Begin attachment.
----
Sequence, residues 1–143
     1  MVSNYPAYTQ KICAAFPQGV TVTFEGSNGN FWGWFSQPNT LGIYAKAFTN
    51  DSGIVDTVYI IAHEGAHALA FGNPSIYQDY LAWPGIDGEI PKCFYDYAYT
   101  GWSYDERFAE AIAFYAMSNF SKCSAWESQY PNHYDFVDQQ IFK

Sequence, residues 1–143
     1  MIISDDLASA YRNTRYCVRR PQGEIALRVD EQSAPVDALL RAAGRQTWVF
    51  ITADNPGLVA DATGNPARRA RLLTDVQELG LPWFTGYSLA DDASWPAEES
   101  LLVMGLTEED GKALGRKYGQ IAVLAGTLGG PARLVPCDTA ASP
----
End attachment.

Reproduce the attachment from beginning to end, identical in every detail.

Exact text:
Sequence, residues 1–143
     1  MVSNYPAYTQ KICAAFPQGV TVTFEGSNGN FWGWFSQPNT LGIYAKAFTN
    51  DSGIVDTVYI IAHEGAHALA FGNPSIYQDY LAWPGIDGEI PKCFYDYAYT
   101  GWSYDERFAE AIAFYAMSNF SKCSAWESQY PNHYDFVDQQ IFK

Sequence, residues 1–143
     1  MIISDDLASA YRNTRYCVRR PQGEIALRVD EQSAPVDALL RAAGRQTWVF
    51  ITADNPGLVA DATGNPARRA RLLTDVQELG LPWFTGYSLA DDASWPAEES
   101  LLVMGLTEED GKALGRKYGQ IAVLAGTLGG PARLVPCDTA ASP